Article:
Yes, you still have to look on the bright side, even when all you want to do is wallow in your own misery. There is always something to be grateful for. Maybe it’s the fact that you have a great doctor, family and friends to support you, or even that you have a device and internet connection that helps you connect with others who are going through similar circumstances. Maybe today the pain has decreased, or you were able to get out of bed and just sit on the porch for 5 minutes today. 

It is very easy to ruminate about all the issues we feel we are currently facing. Challenge your own negative thoughts by thinking of something positive. 

If you are struggling to find the light, here are some blessings to be grateful for:

  • I am grateful I have found and am reading this article. It means I am taking the first step to help take care of myself. I am on the right track.
  • I am grateful we live in a world with modern medicine. Although my lifestyle is different than expected, I am still able to make adjustments with the support of modern medicine and treatments.
  • I am grateful for my resilient mind. Some days are harder than others, but I trust in myself to bounce back.

Dig Your Well Before You’re Thirsty

What I mean by digging your well before you’re thirsty is, prepare your mind on the days you feel well so that you can better manage the bad days. We have to continue to do the mental training when we have the capacity to.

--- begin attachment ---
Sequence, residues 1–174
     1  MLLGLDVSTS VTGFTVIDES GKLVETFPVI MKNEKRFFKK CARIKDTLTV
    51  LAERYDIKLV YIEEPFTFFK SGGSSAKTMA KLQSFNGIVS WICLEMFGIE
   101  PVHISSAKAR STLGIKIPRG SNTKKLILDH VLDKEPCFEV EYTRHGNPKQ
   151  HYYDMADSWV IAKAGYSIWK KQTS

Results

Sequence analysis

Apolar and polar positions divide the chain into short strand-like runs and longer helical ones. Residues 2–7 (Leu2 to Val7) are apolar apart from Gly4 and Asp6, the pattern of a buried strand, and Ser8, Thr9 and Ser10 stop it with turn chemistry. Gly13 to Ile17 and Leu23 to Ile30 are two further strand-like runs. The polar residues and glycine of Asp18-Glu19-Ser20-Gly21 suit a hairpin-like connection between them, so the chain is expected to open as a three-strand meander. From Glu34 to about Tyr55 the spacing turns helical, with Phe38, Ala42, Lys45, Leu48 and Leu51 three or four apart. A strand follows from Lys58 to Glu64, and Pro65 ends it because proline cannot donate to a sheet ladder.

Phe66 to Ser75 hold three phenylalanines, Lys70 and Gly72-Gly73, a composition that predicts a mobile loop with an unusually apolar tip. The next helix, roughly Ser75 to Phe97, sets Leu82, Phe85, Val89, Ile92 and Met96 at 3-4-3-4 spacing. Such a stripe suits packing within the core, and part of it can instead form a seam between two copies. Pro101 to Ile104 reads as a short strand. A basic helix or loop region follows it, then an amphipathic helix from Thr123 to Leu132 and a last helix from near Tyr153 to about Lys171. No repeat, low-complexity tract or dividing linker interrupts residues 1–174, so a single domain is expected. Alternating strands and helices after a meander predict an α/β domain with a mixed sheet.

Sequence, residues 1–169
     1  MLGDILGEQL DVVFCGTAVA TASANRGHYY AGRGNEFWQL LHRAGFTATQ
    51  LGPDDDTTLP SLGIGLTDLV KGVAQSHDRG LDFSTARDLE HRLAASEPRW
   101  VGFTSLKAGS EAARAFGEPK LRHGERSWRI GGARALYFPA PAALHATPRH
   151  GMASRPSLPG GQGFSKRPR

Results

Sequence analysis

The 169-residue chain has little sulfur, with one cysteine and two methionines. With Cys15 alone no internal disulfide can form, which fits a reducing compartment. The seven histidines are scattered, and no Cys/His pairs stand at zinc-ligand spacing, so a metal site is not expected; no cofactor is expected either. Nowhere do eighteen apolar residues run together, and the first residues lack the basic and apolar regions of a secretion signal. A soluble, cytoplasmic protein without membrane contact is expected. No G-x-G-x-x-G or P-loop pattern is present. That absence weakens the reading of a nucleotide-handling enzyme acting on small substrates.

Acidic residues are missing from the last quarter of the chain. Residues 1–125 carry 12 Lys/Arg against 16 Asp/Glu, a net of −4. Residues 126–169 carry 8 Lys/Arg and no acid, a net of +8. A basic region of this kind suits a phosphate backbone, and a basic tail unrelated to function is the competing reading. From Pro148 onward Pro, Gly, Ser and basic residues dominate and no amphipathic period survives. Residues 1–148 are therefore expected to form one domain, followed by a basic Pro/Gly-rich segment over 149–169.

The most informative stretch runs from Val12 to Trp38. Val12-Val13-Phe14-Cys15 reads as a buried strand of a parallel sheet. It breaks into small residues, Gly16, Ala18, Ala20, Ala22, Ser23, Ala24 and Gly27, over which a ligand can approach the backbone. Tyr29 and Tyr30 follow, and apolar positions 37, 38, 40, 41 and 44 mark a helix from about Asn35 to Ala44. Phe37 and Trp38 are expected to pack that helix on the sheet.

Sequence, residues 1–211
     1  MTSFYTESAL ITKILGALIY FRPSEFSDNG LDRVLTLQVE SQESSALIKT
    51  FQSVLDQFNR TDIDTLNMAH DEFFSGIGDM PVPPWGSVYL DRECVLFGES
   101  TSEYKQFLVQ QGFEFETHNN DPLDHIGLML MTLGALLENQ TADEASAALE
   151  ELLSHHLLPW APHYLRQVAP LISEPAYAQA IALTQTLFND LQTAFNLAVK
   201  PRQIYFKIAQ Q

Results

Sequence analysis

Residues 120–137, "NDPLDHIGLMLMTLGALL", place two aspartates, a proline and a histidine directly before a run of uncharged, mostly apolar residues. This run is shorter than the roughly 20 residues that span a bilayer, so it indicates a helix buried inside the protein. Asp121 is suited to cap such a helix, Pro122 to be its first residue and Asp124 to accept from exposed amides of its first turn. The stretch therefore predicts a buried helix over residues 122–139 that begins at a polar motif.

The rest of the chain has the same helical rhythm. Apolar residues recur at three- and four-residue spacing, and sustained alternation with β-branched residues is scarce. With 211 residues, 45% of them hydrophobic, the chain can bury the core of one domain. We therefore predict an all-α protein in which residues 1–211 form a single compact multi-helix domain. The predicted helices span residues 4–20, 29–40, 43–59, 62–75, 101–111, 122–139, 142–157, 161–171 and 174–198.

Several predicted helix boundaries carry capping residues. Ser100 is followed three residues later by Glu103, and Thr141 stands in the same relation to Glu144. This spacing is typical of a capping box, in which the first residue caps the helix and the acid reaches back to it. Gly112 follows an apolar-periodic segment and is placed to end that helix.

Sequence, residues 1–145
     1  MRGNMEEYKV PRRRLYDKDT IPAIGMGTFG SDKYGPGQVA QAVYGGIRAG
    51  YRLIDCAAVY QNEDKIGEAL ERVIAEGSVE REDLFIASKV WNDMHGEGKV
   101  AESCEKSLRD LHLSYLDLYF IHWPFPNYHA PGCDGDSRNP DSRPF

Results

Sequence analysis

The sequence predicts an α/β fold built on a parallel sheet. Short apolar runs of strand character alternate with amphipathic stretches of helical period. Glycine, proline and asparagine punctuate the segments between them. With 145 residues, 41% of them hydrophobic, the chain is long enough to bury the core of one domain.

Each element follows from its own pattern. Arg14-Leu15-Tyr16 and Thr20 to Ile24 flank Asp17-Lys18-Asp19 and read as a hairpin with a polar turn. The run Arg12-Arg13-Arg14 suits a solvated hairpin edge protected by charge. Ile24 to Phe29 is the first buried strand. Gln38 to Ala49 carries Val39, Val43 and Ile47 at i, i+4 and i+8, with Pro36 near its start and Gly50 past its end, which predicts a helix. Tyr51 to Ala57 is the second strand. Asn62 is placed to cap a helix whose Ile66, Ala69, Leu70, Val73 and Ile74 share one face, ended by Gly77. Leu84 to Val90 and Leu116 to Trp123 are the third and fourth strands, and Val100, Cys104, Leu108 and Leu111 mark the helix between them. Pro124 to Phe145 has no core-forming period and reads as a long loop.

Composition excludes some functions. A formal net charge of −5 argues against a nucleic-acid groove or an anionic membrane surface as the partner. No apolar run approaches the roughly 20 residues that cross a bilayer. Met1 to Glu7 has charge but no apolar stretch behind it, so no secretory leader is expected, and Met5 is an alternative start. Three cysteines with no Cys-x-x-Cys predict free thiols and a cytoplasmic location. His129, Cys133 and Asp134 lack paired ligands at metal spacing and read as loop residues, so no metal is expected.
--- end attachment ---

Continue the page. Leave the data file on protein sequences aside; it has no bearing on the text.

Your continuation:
Accept that some days will be harder than others. Toni Benhard, the author of How To Be Sick, practiced Buddhism for many years prior to falling ill. She as well has ME/CFS, but explains that she was able to use the Buddhist teachings to help her manage her illness. On her bad days, she now has an easier time accepting her illness and remaining equanimous. 

There are many ways you can dig your own well. Be prepared for emotionally hard days. There will be days when you will struggle to feel strong for yourself, so like building a muscle it is important to build mental strength when you are well. 

Here are a few things you can do to dig your well before you’re thirsty:

  • Find a therapist or support group that you can meet with on a regular basis
  • Meditate daily
  • Keep a gratitude journal
  • Read books that help you develop mindset and manage anxiety and depression
  • Religion or spirituality 

When you train your mind on your off days, you will be able to help yourself cope on the tough days.

This Mood is Temporary 

Don’t take your emotions too personally and remember that moods are temporary. This too shall pass. You will not feel miserable forever, nor will these sensations be the same forever. Be mindful of what your current mood is accept that this is where you are at in the moment. In 24 hours, or even after a good cry, this mood will change. 

p.s. I wrote this to help myself get out of a few tough weeks. It was a reminder to share an optimistic point of view and to remember that I am not alone in my feelings. We all go through bad days and tough feelings, but always seem to weather the storm.

Did you find “Don’t Let The Fear Take You Over; Living Through Bad Days With Chronic Illnesshelpful? Share your experience below.